Just as you would rely on Majestic to get a glimpse of Google’s topical trust for a page, or Moz’s Page Authority to glean what Google’s approximate Pagerank would be for a page, likewise — Klout is a representation of Google’s internal Author Rank algorithm.
Do not take Google’s efforts at constructing a reliable author rank score lightly. Klout received 30 million dollars as startup money, later receiving 200 million in stock when acquired by Lithium Technologies. Part of the founder’s (Joe Fernandez) spiel is that he isn’t a programmer and that he achieved success by surrounding himself with people smarter than him.
Meanwhile, Google algorithms have been raining like hellfire on the collective SEO community since Panda was released in 2011. In Eric Schmidt’s 2013 book “The New Digital Age”, he spelled out how the future of ranking and SEO would be based on the authority of an author, as tied to a “constellation of their social profiles”, including Facebook, Twitter, Google+ and LinkedIn.
I would be willing to bet that Google’s algorithms for deciding author rank are more developed than Klout’s. Google most likely takes into account a far larger dataset, compiled with a much larger data center than Klout would ever have access to. This author rank will be used to judge whether link popularity is real or fake. While we will never have an accurate gauge of what our Author Rank score is at Google, a Klout score should suffice to get a ballpark figure of Google’s author rank.
Over time, Klout’s algorithms have gotten better at measuring online profiles in several areas. It measures not only your postings on social media, but how people respond to them with retweets and shares. It takes into account how often you post, the reach of your posts and even reduces your score if you take a break from social media. Anything Klout can do, Google can do better. These are all strong signals as to whether someone’s influence is real or fake — and Google uses it as a measure against link popularity a site has received, to judge whether the links are real or self-generated attempts at manipulating the SERPs.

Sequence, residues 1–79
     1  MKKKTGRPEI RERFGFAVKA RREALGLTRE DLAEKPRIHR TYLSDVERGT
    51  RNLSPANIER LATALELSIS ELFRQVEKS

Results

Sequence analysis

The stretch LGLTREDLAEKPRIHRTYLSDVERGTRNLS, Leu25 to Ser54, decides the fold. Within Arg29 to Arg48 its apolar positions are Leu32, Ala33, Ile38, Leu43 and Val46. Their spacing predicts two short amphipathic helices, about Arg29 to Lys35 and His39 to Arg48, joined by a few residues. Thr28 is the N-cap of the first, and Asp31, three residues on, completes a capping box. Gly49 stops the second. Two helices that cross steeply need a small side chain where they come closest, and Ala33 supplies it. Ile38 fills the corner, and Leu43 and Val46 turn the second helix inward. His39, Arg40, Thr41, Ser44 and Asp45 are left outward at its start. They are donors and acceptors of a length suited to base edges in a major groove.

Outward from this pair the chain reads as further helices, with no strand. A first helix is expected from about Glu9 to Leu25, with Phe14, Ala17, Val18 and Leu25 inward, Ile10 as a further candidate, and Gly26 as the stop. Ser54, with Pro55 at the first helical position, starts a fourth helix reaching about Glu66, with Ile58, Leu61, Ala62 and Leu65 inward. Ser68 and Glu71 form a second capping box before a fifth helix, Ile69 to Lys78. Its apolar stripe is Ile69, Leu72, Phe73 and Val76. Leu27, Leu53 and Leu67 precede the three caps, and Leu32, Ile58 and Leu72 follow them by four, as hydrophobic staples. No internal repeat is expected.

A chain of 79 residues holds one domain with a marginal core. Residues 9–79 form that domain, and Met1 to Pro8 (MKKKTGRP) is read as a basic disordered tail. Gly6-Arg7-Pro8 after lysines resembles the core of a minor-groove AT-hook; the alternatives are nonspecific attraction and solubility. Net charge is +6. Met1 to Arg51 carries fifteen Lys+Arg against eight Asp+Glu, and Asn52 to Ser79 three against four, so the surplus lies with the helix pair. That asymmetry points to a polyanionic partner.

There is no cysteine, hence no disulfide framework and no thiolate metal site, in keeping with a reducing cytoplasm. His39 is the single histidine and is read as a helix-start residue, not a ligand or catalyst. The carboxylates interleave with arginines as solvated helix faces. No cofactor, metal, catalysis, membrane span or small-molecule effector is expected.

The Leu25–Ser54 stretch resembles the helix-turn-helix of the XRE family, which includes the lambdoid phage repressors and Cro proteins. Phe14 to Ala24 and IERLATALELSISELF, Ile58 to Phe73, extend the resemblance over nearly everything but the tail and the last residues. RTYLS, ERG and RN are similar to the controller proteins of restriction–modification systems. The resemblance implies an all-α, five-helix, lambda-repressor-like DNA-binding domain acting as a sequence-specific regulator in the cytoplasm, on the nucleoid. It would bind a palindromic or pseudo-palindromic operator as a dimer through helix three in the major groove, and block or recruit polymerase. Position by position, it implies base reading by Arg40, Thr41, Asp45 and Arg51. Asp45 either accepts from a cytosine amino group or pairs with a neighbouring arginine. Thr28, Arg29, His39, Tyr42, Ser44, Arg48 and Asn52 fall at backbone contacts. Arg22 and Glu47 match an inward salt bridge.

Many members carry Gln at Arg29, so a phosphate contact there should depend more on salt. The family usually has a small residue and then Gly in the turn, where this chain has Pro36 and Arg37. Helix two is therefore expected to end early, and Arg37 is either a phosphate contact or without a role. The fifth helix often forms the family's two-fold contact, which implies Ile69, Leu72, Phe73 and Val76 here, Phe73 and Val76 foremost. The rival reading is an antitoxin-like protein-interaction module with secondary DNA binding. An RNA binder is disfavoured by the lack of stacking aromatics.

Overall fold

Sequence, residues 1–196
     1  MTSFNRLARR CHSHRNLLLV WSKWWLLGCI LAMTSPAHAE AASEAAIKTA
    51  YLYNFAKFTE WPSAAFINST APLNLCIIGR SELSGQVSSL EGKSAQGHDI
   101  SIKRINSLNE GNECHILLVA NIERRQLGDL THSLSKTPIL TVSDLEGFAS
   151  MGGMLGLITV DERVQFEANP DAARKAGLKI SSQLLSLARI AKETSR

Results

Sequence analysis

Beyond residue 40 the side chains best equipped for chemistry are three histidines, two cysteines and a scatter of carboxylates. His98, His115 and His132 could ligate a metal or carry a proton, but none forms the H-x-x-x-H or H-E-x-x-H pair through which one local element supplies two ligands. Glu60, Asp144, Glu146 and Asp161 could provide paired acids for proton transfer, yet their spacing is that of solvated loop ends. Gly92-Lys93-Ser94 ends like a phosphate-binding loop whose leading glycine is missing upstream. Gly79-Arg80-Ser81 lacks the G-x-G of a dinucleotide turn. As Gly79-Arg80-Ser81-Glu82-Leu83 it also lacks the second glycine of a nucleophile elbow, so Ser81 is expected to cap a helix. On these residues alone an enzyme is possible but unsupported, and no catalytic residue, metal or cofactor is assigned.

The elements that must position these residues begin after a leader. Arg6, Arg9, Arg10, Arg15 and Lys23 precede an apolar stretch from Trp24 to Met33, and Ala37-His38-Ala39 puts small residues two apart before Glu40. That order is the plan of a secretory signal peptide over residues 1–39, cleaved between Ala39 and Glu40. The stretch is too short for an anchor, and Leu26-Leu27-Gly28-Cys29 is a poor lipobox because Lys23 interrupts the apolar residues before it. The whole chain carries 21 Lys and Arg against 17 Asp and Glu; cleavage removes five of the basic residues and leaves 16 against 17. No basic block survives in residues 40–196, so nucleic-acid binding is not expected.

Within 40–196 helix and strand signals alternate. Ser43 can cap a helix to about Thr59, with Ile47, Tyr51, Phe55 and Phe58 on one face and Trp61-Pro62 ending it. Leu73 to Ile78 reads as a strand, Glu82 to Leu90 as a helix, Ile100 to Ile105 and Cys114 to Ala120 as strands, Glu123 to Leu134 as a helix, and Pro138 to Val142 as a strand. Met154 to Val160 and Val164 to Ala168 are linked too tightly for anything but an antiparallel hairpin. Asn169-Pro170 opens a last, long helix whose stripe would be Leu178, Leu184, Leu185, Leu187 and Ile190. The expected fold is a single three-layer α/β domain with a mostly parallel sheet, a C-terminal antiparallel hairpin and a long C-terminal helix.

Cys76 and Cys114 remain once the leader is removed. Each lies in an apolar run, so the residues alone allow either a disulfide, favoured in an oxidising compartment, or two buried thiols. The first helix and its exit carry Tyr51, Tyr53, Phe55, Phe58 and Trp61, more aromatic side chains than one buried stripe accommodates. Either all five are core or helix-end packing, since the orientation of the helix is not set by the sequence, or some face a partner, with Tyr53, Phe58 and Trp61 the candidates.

This is only the beginning of why Klout actually matters. They have an agreement with Bing, and share information. Klout scores are a ranking factor on Bing. I know many people don’t even try to get traffic from Bing — but that is a mistake. Bing has 1/3rd of the search engine market. I know what you’re thinking, because I thought the same myself … “If Bing is responsible for 1/3rd of the traffic, why does Google send a disproportionately huge amount of traffic to my sites?” One of the reasons is Klout scores! If you’re not ranking well in Bing, you should consider boosting your Klout score so you will rank better in Bing.
In 2015, you should be interested in boosting your Klout score. It is a Bing ranking factor. Klout scores and Google’s Author Rank most likely have a huge overlap — and by raising your Klout score you no doubt increase your Author Rank. Finally, if you do really well and break a 50 score, you’ll find a ton of free offers and other Klout rewards and perks that are paid for by promoters who see you as influential.